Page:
Safa Jafari Safa, Office of Communications, firstname.lastname@example.org
The university community mourns the passing of one of its most dedicated professors, economics professor Ghazi Sirhan, who served AUB from 1970 to 2017. Dr. Sirhan was relentlessly committed to teaching, as he witnessed with the university some of the country’s darkest years, and worked with the institution to graduate generations of leaders worldwide.
"In his 47 years of service at AUB, Dr. Ghazi Sirhan taught thousands of students,” said Dr. Nadia El Cheikh, dean of the Faculty of Arts and Sciences. “By making the Department of Economics his second home, even during the country’s most trying times, he effectively turned Ada Dodge’s hallways into an extended classroom; the learning experience continued into every conversation and encounter with students and colleagues."
After receiving his bachelor’s (’58) and master’s (’61) degrees from AUB, Sirhan continued to study at North Carolina State University for his PhD in economics, which he received in 1969. Immediately after, his Alma Mater, AUB, would be his second home for the remaining of his life, the AUB community his family.
He served as associate professor between 1970 and 2003, and continued part-time until the spring term or 2016-17, focusing his expertise on microeconomic theory, income distribution and welfare economics, macroeconomics and monetary theory, and international trade theory and policy.
He taught more than ten different courses in the Department of Economics and chaired the Economics Department for a total of 12 years, initiating new courses during that time, in addition to many other terms as acting chair.
He was elected to the University Senate more than once and served as Senate representative to the Board of Trustees. He was also a member of the Arts and Sciences Curriculum and Graduate Committees and served on the Advisory Committee charged with setting up the curriculum for the Institute of Money and Banking (now the Institute of Financial Economics) at the request of the late AUB President Malcolm Kerr.
“The Department of Economics mourns the loss of one of its pillars and most faithful and dedicated citizens,” said Dr. Rabih Sultan, acting chair of Economics, in his statement to the Faculty of Arts and Sciences commemorating Dr. Sirhan’s dedication and achievements and presenting testimonials praising him by colleagues and students. “As one colleague faculty member put it, addressing his memory: ‘AUB was your whole life until the last breath.’”
Dr. Sirhan was a prominent economist with distinctive presence on the regional and international scenes. He is the recipient of many grants and fellowships from establishments such as the Mellon Foundation, Fulbright, Japan Foundation, and Ford Economic Fellowship. He also published a number of research papers in professional journals and has co-authored a monograph on “the Elasticity of Substitution Approach to Foreign Demand for the United States.”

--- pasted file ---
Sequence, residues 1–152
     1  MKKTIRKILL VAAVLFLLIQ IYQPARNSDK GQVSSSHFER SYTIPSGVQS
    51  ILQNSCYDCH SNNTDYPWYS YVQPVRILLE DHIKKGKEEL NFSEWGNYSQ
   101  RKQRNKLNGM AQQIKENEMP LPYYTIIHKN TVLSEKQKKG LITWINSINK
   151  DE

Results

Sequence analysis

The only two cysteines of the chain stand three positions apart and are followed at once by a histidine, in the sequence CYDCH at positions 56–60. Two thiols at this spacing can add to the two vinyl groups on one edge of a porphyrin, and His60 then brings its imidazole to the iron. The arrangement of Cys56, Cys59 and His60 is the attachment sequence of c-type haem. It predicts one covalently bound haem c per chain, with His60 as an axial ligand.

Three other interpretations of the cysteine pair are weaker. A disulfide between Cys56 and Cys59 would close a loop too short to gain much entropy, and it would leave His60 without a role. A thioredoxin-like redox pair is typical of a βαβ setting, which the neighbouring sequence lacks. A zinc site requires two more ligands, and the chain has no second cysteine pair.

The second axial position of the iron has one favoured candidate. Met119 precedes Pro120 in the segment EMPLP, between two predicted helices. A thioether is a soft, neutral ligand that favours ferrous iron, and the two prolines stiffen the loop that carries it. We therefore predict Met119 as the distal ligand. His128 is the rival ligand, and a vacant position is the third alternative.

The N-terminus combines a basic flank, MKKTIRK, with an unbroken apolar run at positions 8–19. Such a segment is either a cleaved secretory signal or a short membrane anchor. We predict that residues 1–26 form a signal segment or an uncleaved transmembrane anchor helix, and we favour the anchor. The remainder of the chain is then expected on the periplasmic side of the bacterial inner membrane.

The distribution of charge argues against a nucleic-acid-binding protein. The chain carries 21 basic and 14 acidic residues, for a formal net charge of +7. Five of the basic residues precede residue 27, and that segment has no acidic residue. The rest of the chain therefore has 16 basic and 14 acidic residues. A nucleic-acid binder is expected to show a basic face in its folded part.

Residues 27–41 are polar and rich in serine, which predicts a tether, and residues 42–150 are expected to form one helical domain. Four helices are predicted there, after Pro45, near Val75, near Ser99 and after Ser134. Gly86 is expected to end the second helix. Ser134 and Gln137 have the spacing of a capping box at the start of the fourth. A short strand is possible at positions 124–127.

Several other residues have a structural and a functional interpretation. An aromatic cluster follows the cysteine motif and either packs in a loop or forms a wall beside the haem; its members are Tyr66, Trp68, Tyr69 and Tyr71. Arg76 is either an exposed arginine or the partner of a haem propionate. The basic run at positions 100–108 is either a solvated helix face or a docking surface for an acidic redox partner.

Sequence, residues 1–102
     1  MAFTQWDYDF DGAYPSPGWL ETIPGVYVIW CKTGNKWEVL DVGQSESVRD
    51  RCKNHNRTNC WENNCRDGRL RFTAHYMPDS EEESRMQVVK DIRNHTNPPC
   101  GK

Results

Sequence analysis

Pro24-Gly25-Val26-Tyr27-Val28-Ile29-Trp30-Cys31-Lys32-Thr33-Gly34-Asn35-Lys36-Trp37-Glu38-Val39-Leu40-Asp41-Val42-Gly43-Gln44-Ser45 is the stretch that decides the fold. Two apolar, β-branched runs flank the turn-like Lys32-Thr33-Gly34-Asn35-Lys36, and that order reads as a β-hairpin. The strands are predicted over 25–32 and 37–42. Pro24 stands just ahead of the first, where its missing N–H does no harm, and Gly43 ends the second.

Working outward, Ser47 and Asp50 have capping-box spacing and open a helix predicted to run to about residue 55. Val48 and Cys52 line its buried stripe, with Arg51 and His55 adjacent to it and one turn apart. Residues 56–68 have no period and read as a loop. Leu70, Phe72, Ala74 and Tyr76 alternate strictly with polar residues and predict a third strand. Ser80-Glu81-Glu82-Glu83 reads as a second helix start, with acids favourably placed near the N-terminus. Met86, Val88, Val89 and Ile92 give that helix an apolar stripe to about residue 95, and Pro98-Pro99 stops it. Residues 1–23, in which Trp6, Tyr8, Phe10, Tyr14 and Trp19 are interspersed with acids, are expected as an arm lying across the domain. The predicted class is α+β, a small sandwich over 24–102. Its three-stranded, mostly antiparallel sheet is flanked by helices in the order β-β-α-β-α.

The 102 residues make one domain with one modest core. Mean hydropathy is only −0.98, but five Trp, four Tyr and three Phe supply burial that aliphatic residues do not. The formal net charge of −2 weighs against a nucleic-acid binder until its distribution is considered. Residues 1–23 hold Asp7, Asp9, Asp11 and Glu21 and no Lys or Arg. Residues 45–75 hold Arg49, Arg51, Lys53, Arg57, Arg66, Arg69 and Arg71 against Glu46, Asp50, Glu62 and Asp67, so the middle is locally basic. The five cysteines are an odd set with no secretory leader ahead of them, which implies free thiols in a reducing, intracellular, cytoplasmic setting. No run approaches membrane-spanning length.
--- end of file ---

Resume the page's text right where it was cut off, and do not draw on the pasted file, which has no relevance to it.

The Economics Students Society described Dr. Sirhan’s passing as “an event that left the AUB economics students speechless,” holding a memorial to honor Dr. Sirhan’s dedication and love to his students. The society had issued a statement describing Dr. Sirhan as “one of the best teachers, as he portrays excellence in economics,” and a vivid example of “mastery of teaching economics.” Alumni worldwide wrote about their cherished memories of the professor who, through his passion, made them love attending his courses.
“For the 47 years between 1970 and 2017, scarcely a school day went by without Professor Sirhan tirelessly walking up the steps to the third floor of Ada Dodge Hall that is the Economics Department … rarely did he stick to the confines of a textbook, a classroom, or an academic discipline in the hundreds of courses and thousands of students he taught. ‘Teaching keeps me alive,’ he would confess to his junior colleagues,” stated faculty members in the Department of Economics in their issued statement commemorating Dr. Sirhan, also referring to the pedagogy, relevance, candor, and humor in their senior colleague’s conversations.
“His teaching will indeed keep him alive, in the generations of students around the world who still recall his classroom anecdotes that brought in history, politics, and current affairs to liven up intermediate price theory, in the memory of the Ada Dodge hallway that will forever echo his absence, and in the future of our young department faculty who will never forget his continuous effort at forging a departmental community.”